“For the first time, CMS is organizing and focusing our efforts to apply a rural lens to the vision and work of the agency,” said CMS Administrator Seema Verma. “The Rural Health Strategy supports CMS’ goal of putting patients first. Through its implementation and our continued stakeholder engagement, this strategy will enhance the positive impacts CMS policies have on beneficiaries who live in rural areas.”
The agency-wide Rural Health Strategy, built on input from rural providers and beneficiaries, focuses on five objectives to achieve the agency’s vision for rural health:
Approximately 60 million people live in rural areas – including millions of Medicare and Medicaid beneficiaries. CMS recognizes the many obstacles that rural Americans face, including living in communities with disproportionally higher poverty rates, having more chronic conditions, being uninsured or underinsured, as well as experiencing a fragmented healthcare delivery system with an overworked and shrinking health workforce, and lacking access to specialty services.
This new strategy focuses on ways in which the agency can better serve individuals in rural areas and avoid unintended consequences of policy and program implementation.
For more information on the Rural Health Strategy, please visit: http://go.cms.gov/ruralhealth. There is also a fact sheet available at https://www.cms.gov/Newsroom/MediaReleaseDatabase/Fact-sheets/2018-Fact-sheets-items/2018-05-08.html.
Committee Purpose: To promote practice activities related to aging adults to PT and PTAs including but not limited to assisting those therapists/therapists assistants pursuing geriatric Board certification, advanced clinical proficiency recognition for PTA's, and the development/creation/dissemination of evidence-based documents/clinical practice guidelines including collaborating with APTA and the PTNow Portal.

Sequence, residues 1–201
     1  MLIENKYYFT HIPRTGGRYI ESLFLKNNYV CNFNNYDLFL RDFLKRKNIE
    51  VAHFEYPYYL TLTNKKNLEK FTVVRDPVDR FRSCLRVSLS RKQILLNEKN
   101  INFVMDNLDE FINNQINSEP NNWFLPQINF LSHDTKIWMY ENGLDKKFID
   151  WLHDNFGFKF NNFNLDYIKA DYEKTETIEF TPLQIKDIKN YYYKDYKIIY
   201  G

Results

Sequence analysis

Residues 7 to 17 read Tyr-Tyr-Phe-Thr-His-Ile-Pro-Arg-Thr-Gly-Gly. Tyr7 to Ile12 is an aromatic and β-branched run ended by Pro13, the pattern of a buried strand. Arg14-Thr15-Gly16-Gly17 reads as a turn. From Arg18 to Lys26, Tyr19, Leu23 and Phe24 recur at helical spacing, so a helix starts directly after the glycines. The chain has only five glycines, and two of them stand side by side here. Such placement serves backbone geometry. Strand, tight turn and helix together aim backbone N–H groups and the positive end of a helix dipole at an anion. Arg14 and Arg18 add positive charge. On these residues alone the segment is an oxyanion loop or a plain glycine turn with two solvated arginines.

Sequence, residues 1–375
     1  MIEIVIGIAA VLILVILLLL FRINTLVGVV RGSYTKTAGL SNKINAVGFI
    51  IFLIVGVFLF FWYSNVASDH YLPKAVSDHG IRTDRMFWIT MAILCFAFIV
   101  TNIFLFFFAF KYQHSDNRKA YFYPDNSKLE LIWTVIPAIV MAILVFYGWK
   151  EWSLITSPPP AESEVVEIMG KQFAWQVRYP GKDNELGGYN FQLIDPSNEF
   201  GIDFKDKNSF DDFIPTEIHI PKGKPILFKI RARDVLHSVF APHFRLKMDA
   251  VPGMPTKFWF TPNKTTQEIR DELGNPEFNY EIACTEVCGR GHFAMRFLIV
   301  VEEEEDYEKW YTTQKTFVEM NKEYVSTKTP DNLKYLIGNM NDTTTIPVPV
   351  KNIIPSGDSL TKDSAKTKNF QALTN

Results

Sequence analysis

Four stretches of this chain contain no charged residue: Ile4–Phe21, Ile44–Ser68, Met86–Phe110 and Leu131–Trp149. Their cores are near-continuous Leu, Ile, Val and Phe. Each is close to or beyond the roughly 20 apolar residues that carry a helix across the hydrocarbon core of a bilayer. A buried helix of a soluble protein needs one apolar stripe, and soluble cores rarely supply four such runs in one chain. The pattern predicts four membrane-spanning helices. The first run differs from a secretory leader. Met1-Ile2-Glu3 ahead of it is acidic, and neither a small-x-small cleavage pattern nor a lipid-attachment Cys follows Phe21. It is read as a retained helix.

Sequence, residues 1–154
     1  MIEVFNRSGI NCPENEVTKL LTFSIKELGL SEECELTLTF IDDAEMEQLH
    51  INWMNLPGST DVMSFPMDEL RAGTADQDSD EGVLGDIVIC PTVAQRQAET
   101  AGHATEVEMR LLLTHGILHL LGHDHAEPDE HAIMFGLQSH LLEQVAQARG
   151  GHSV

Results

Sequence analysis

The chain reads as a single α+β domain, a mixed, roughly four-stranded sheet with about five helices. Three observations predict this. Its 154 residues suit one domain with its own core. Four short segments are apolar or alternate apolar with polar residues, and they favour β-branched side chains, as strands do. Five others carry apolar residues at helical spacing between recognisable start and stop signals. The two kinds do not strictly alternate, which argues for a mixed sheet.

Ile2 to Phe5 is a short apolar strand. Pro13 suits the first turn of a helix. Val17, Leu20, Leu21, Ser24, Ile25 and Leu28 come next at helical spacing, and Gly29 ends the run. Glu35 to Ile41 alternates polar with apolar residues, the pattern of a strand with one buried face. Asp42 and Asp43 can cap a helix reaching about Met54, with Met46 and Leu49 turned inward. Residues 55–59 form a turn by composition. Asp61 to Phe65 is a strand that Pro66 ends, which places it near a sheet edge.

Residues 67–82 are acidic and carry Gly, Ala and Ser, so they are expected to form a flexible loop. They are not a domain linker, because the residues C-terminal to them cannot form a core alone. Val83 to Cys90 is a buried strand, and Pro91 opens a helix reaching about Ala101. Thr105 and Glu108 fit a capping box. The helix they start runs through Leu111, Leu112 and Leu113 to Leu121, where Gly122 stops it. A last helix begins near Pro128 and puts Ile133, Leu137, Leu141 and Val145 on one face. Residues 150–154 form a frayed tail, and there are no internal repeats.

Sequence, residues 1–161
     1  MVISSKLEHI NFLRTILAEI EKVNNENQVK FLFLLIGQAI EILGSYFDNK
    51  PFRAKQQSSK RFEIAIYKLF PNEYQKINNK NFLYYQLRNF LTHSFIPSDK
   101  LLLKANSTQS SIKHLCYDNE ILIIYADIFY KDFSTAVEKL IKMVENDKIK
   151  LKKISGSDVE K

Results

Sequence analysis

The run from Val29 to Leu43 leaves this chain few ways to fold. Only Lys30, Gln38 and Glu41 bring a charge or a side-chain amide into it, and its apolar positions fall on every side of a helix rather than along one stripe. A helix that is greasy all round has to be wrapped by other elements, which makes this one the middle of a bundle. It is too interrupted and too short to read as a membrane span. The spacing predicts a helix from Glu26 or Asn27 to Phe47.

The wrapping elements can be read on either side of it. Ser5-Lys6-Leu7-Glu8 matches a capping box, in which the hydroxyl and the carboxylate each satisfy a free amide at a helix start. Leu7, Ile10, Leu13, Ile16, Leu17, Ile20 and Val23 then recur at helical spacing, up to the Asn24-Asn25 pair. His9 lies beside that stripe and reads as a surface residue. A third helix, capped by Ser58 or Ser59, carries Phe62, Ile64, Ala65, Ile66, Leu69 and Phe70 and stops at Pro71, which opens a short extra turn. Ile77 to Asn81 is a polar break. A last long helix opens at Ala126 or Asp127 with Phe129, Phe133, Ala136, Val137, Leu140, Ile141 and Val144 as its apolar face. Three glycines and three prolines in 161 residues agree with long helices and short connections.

The global population is currently undergoing the greatest demographic shift in the history of humankind. A direct consequence of this “longevity miracle” – if left unchecked – will be an explosion in the incidence of chronic diseases afflicting older people. In the absence of systematic and system-wide interventions, this tsunami of need is poised to engulf health and social care systems throughout the world. Osteoporosis, falls and the fragility fractures that follow will be at the vanguard of this battle which is set to rage between quantity and quality of life.
By 2010, the global incidence of one of the most common and debilitating fragility fractures, hip fracture, was estimated to be 2.7 million cases per year. Conservative projections suggest that this will increase to 4.5 million cases per year by 2050. While all countries will be impacted, in absolute terms, Asia will bear the brunt of this growing burden of disease, with around half of hip fractures occurring in this region by the middle of the century. And the associated costs are staggering: in Europe in 2010, osteoporosis cost Euro 37 billion, while in the United States estimates for fracture costs for 2020 are US$22 billion.
If our health and social care systems are to withstand this assault, a robust strategy must be devised, and an army of health professionals amassed to deliver it. This strategy must transform how we currently treat and rehabilitate people who have sustained fragility fractures, in combination with preventing as many fractures from occurring as possible. The latter can be achieved in part by ensuring that health systems always respond to the first fracture to prevent second and subsequent fractures. In short, let the first fracture be the last.